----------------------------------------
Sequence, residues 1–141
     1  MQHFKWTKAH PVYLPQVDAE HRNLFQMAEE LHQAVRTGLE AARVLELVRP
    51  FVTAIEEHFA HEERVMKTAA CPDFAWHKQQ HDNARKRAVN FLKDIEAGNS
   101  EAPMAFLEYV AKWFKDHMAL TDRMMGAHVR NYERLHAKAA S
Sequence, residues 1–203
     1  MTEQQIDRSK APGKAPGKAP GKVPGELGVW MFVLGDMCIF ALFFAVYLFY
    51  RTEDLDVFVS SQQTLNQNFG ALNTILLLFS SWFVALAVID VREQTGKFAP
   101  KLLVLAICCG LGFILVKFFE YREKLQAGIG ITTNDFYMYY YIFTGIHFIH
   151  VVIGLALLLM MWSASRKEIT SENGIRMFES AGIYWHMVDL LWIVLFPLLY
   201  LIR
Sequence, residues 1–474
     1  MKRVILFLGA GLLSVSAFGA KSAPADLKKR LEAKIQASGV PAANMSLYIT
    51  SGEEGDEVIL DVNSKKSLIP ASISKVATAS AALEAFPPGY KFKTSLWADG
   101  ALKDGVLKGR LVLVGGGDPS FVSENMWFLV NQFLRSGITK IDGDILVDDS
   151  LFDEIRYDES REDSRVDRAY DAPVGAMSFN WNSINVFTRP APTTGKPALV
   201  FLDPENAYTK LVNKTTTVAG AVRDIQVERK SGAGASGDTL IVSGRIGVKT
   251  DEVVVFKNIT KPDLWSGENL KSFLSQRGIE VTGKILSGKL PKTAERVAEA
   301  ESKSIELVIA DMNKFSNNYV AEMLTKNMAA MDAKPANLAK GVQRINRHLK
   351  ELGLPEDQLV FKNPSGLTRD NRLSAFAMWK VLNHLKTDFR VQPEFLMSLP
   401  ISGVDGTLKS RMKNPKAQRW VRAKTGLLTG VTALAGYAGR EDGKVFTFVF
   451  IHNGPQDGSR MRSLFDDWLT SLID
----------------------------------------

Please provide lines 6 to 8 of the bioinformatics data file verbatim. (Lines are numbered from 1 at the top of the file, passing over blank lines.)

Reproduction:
     1  MTEQQIDRSK APGKAPGKAP GKVPGELGVW MFVLGDMCIF ALFFAVYLFY
    51  RTEDLDVFVS SQQTLNQNFG ALNTILLLFS SWFVALAVID VREQTGKFAP
   101  KLLVLAICCG LGFILVKFFE YREKLQAGIG ITTNDFYMYY YIFTGIHFIH